Prepare for an app boom after this weekend
- Open banking rules come into effect this weekend (13 January) – which is set to fuel a boom in apps that will help people manage their money.
- Our data shows just how dramatically apps can change the way we engage with our money.
- There have been more than 677,000 downloads of our app, including over 350 on Christmas day and almost 500 on New Year’s Day.
- There are now more than seven times as many trades via the app as telephone trades.
- Among younger investors (aged 18-29), 42% of digital trades are via the app.
Sarah Coles, personal finance analyst, Hargreaves Lansdown:
"Open banking rules come into effect this weekend. It has unsurprisingly passed most people by, because few people get terribly excited about a technical change in the ownership of banking transaction data. But while the changes themselves may be dull, the implications are anything but."
"The change is likely to spark a boom in apps that will help people manage their money, and our data shows that being able to use an app to engage with your money has a transformational effect. So far we have had more than 677,000 downloads of our app, and we can see that people who have downloaded it check their investments twice as often as those who haven’t."
"People turn to an app at all kinds of times when they wouldn’t dream of tracking down a computer or phoning a company. On 25 December, for example, there were more than 350 downloads of the Hargreaves Lansdown app, while on New Year’s Day it was closer to 500."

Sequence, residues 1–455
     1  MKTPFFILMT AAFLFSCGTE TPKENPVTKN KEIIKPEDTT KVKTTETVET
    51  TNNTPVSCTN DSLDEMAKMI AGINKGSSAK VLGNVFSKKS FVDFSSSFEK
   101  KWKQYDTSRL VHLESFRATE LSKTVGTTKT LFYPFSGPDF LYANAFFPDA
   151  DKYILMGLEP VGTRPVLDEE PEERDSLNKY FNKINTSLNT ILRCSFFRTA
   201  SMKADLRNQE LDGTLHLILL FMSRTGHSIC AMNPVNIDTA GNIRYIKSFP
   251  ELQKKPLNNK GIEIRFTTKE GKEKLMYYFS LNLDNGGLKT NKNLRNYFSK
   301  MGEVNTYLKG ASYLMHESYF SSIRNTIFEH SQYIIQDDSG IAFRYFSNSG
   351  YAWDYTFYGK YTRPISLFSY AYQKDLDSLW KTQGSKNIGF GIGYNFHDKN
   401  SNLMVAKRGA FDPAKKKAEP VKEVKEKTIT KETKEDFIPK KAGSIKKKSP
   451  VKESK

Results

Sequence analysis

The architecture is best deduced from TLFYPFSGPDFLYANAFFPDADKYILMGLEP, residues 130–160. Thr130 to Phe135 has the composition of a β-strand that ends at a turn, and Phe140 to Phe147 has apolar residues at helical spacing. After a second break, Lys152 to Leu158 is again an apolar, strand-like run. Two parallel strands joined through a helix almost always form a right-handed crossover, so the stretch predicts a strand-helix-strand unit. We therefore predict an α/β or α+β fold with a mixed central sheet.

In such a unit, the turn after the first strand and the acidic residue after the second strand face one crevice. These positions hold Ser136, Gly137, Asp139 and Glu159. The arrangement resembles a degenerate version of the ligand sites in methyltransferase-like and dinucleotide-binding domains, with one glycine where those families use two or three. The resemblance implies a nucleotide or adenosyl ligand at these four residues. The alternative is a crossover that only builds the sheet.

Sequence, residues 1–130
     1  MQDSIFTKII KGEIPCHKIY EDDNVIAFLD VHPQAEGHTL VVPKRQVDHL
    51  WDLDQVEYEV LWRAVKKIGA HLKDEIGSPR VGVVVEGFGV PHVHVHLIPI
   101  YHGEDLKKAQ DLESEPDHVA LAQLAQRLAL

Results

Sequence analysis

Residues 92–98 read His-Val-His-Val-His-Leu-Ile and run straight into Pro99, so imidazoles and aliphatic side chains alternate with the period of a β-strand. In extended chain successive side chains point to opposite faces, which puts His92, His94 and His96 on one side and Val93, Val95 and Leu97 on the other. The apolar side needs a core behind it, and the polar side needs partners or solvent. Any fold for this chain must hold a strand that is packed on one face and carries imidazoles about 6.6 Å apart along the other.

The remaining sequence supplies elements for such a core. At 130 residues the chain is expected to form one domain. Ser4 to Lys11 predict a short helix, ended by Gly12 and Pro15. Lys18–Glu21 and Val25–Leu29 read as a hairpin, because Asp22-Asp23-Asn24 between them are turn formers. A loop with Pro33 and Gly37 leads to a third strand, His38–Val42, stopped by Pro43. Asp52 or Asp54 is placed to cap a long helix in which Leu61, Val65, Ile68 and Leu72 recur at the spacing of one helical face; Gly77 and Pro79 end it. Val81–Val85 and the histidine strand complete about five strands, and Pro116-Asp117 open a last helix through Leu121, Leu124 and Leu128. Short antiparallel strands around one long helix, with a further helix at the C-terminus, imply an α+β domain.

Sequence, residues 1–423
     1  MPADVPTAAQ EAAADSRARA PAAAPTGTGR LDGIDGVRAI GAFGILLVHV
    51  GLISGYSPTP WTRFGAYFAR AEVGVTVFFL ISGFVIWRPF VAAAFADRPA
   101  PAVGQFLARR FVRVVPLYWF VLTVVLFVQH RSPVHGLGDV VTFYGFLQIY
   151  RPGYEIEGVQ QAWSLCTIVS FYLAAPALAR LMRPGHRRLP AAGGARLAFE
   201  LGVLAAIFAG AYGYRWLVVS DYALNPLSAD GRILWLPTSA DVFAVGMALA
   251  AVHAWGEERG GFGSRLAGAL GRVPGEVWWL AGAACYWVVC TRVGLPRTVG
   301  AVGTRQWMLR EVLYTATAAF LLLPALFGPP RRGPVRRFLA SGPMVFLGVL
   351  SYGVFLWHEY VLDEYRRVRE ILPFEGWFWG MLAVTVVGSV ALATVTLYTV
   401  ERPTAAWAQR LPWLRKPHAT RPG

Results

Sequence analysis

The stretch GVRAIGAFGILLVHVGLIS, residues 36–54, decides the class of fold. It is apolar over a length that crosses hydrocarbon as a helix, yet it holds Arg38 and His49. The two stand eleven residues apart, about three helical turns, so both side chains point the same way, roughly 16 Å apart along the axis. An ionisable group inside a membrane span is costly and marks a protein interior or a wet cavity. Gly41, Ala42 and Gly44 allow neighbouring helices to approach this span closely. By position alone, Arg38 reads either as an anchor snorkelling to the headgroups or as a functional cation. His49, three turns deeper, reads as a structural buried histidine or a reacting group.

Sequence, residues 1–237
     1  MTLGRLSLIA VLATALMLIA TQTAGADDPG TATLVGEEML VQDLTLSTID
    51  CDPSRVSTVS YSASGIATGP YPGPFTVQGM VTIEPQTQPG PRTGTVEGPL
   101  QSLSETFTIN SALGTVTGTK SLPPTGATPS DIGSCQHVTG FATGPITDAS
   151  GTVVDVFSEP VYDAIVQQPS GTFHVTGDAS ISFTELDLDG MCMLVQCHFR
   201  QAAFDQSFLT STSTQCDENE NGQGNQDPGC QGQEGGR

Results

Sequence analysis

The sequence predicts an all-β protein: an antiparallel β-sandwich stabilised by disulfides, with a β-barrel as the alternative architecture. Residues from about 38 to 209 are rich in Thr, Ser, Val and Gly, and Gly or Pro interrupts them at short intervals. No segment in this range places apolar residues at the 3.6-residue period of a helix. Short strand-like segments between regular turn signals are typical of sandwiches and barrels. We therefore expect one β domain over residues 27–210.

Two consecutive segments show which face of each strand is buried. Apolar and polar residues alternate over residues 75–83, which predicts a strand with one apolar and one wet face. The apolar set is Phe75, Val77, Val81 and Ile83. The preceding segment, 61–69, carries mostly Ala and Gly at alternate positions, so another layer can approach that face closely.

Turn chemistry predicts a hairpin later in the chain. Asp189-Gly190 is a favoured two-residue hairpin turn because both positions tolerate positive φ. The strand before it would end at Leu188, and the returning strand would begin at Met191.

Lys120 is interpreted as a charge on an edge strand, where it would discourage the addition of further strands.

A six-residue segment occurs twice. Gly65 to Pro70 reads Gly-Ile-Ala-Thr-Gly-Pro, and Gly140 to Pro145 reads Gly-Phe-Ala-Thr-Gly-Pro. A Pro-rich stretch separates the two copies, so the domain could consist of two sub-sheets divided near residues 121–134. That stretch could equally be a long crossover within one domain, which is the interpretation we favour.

"And it’s not just that an app makes it so much handier to check your financial position, it also makes it easier to change that position. Of our clients, almost one in five of those using the Hargreaves Lansdown app to check their investments, have also traded or topped up their investments using it. In fact we have more than seven times as many trades via the app as telephone trades, and among younger clients (aged 18-29), 42% of digital trades are via the app."
The open banking change
The new rules will effectively force the big banks to hand over ownership of account data to consumers - like their transaction history and spending habits. It means people will then be able to share this kind of information with other companies far more easily.
At the moment, if you want to use an app that keeps an eye on your current account transactions, you have to provide usernames and passwords, so they can access the information through online banking. The change will do away with this, using APIs (application programming interfaces) to let the digital systems communicate with one another directly.
One of the likely impacts is a boom in apps, designed to help people manage their money, because it will be so much easier to get hold of people’s data to feed into them.
The potential apps are limited only by the fertile imaginations of the developers, but could range from simply bring a number of current accounts together in one place, so you can manage them from a single app; to apps that alert you if your current account spending patterns are mirroring previous ones that pushed you into overdraft.
At the moment the rules only apply to the nine biggest banks – and five of them have asked for more time to comply - but there are plans to extend it to all online products with a payment facility. The regulations could also be applied to other financial products (although there are currently no firm plans for this). With sufficient expansion, this could mean apps that bring all your finances together to let you manage them in one place.